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The First And Second Macedonian Wars Notes

Classics Notes > Roman History 241 BC to 146 BC Notes

This is an extract of our The First And Second Macedonian Wars document, which we sell as part of our Roman History 241 BC to 146 BC Notes collection written by the top tier of University Of Oxford students.

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Why did Rome fight the first two wars against Macedon in such a short period of time?
Rome went to war with Macedon twice in quick succession, in 214 and then in 200; two conflicts which Polybius regarded as only one war (3.3.2) stretching from Philip's treaty with Hannibal in 215, the year after Cannae, until the battle of Kynoskephalai. A combination of the fact that the first conflict was not firmly resolved by the peace of Phoinike in 205 and the ever difficult problem of Rome's motives for intervention is probably to blame for this discrepancy of opinion. Polybius certainly felt that Roman imperialism and desire for global empire dominated their decision to fight Philip thus making both the conflicts simply two episodes in the same war, however if containment of foreign threats is seen as the real motivation then they can justifiably be seen as two discrete attempts at this. The history of Roman activity in the East, the provocative actions of Philip and what the Romans did immediately following the second war can be seen as justifications of this motive; there is probably no strong reason to suspect, as Polybius did 1, that Rome had any overpowering desire to establish permanent empire in Greece at this moment in time. The precedent for Roman involvement in the East was set during the two Illyrian wars of 229 and 219 BC where it can certainly be said that their main aim was containment of a perceived threat rather than establishing a foothold for the creation of an empire. Under Agron and Teuta the Illyrian state had grown into a significant military threat to the peoples of Greece, which culminated in the defeat of a combined force of the Achaean and Aetolian Leagues, two of the most significant political organisations of the mainland. Rome acted against this potential threat to their border just as they had done in the first Punic war and the settlement which they imposed on Illyria, which involved no significant territorial gains, was merely to ensure their power was neutralised and the threat contained. They were forced to take military actions once again when the activities of Demetrius of Pharos became troublesome, but they preferred to simply restore the status quo ante bellum once he had been defeated and again took absolutely no steps to enhance their own hegemony or territorial interests in Greece. It is perfectly reasonable to propose that at this time, before the second Punic War with Hannibal was a certainty, that if they had nurtured desires for domination in this region they would have at least taken some more active steps towards furthering this aim. Such was their obvious military superiority over the forces of Greek, particularly on the West coast, that such a move would not have been overly troublesome, but importantly they do nothing; the most striking thing about Rome interest in Greece at this moment is how small it actually is. The policy of containment followed by immediate disengagement is the one which the Romans adopt before the first Macedonian war and it seems likely that they were following this precedent during this conflict as well. 1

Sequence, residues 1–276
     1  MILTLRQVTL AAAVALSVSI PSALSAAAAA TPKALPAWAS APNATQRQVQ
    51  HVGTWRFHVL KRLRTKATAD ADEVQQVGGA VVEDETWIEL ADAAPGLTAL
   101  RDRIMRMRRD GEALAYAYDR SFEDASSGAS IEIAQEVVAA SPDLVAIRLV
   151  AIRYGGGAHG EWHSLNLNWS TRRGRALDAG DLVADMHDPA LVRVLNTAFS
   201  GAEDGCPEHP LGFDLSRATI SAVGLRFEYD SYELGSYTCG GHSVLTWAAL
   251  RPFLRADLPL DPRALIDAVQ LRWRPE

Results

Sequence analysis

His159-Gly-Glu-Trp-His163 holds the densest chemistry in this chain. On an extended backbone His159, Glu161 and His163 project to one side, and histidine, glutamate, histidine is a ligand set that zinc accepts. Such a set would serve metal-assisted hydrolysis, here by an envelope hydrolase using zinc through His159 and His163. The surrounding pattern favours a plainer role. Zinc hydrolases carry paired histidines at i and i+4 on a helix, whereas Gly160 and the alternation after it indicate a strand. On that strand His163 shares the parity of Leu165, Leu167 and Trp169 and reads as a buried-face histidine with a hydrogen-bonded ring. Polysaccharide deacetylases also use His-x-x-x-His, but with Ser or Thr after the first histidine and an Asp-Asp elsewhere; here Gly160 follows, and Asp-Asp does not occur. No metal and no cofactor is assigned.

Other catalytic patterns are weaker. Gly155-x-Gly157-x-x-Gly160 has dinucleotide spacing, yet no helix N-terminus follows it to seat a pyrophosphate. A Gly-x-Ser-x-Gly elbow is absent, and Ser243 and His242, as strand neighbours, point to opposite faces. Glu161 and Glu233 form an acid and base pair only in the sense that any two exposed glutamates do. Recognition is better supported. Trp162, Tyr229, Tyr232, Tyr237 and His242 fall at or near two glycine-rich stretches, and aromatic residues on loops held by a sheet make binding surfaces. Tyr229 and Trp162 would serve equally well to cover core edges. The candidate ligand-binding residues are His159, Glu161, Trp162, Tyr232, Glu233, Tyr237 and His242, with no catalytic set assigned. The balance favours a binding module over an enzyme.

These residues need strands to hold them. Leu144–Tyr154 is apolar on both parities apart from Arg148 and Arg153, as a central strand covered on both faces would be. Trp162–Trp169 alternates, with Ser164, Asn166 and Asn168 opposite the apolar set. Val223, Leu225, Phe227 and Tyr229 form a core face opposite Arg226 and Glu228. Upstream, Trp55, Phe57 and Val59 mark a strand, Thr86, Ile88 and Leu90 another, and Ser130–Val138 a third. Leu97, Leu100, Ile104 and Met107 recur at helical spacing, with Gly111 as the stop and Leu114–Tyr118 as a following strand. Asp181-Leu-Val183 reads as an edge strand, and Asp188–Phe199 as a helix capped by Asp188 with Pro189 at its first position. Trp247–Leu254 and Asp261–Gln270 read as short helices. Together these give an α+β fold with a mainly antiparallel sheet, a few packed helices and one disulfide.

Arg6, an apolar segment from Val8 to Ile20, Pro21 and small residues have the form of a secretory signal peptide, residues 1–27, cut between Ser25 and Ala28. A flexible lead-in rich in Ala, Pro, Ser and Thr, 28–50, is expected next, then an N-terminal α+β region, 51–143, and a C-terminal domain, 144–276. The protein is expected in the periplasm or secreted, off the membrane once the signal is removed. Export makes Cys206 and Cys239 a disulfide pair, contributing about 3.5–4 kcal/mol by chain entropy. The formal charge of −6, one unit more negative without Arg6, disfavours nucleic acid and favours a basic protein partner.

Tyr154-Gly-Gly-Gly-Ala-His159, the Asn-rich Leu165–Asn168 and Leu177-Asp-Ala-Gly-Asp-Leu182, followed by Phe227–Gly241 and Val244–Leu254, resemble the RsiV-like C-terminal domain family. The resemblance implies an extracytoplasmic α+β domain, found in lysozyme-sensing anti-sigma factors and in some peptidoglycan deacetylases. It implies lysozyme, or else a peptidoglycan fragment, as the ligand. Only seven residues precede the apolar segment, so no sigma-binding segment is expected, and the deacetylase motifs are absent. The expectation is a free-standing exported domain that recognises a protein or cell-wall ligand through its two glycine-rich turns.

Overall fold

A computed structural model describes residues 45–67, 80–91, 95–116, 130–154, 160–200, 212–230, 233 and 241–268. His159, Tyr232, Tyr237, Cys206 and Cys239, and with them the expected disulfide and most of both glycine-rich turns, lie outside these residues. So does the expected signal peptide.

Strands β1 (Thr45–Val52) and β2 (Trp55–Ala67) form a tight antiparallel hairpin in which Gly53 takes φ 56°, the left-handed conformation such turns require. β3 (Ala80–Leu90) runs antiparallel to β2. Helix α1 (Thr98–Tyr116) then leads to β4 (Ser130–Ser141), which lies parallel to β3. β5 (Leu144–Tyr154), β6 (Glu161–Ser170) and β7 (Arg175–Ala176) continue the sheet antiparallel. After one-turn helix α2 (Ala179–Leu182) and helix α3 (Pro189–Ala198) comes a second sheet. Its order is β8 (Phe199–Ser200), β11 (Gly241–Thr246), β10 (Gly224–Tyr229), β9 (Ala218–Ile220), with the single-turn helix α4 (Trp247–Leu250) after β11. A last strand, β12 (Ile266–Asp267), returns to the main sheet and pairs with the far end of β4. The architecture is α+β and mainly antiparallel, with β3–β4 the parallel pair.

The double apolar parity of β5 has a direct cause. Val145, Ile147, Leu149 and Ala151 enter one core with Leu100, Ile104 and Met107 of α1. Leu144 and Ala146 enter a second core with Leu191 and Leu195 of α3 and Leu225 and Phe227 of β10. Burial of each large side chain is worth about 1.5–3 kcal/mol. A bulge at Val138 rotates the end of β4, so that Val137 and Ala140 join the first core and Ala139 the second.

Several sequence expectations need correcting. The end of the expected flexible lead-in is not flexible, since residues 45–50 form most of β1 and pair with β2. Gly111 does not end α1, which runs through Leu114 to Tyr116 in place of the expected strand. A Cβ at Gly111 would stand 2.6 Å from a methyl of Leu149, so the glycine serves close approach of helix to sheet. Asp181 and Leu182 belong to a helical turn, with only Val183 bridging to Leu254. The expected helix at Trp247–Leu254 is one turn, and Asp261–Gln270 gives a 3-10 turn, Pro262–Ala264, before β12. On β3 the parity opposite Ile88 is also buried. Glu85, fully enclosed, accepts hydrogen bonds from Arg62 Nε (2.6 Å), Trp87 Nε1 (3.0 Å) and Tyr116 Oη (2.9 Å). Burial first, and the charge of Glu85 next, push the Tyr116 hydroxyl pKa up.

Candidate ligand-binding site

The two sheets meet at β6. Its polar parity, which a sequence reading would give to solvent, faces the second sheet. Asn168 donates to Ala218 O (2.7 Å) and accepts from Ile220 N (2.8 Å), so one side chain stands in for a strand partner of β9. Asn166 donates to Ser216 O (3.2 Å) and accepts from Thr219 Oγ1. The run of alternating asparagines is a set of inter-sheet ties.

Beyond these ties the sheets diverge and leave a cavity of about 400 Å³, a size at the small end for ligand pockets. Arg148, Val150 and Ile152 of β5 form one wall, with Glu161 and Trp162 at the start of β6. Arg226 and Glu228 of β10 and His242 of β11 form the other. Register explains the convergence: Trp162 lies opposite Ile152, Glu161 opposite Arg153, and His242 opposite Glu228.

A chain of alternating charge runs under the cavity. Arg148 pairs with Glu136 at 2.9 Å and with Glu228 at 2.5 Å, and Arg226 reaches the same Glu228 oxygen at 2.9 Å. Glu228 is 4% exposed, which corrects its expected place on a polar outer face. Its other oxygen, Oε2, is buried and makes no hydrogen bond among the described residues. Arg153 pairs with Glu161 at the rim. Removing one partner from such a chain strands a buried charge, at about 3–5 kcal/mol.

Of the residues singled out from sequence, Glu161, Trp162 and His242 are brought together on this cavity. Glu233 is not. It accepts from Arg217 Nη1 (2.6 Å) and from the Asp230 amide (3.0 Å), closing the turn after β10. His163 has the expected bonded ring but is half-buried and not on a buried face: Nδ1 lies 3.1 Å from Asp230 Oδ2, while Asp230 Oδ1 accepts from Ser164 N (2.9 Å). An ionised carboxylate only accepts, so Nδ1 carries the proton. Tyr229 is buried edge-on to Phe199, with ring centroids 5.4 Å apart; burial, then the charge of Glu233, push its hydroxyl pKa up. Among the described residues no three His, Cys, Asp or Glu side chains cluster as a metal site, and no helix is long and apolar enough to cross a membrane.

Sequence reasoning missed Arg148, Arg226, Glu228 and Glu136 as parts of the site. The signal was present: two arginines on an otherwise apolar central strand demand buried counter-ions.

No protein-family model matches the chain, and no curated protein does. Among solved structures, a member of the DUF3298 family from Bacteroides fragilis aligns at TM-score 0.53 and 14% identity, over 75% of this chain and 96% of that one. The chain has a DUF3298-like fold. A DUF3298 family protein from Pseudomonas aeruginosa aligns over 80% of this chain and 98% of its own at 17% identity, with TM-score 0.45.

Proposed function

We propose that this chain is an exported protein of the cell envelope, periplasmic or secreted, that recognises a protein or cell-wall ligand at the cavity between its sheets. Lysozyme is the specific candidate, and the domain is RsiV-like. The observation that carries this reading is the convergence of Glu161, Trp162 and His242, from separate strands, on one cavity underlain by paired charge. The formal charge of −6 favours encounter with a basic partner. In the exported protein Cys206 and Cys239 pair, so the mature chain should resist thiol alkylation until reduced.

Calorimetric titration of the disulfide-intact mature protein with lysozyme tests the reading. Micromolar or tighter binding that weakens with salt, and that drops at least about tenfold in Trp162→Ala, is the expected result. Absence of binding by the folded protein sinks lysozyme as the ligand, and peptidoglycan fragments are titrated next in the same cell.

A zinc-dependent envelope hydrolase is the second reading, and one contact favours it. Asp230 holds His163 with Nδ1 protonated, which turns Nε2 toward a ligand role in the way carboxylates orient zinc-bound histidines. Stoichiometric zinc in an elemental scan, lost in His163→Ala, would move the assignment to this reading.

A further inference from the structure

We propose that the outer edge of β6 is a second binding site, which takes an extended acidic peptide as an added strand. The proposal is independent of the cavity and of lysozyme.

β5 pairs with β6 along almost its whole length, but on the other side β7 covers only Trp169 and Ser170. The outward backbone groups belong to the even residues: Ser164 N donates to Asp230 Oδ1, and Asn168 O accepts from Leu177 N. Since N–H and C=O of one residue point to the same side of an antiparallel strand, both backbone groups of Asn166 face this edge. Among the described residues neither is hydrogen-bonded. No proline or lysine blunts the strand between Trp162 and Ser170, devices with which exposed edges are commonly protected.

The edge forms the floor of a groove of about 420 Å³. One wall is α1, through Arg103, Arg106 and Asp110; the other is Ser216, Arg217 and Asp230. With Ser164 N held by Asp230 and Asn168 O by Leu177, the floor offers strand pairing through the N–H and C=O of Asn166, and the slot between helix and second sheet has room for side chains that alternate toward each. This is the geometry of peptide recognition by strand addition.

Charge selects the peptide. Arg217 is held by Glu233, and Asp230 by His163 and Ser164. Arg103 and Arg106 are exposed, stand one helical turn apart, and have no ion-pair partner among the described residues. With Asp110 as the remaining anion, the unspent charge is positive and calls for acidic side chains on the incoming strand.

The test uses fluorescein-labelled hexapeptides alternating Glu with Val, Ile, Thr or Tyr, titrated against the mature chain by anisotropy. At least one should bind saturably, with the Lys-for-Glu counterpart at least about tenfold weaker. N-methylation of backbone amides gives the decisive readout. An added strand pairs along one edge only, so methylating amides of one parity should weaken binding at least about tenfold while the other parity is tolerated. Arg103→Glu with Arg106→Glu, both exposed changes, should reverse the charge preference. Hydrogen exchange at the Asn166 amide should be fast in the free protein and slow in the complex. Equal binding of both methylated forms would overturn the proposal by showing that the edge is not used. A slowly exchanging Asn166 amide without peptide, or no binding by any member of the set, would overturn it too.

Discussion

Walbank argues that Polybius shows that Roman imperial ambition was initially conceived during the first Punic War, meaning that every conflict after this was part of a grander plan of world domination. Polybius also frequently assumes these motives in other sovereign powers such as Philip and Antiochus, where they seem less true than with early Roman involvement in the East.

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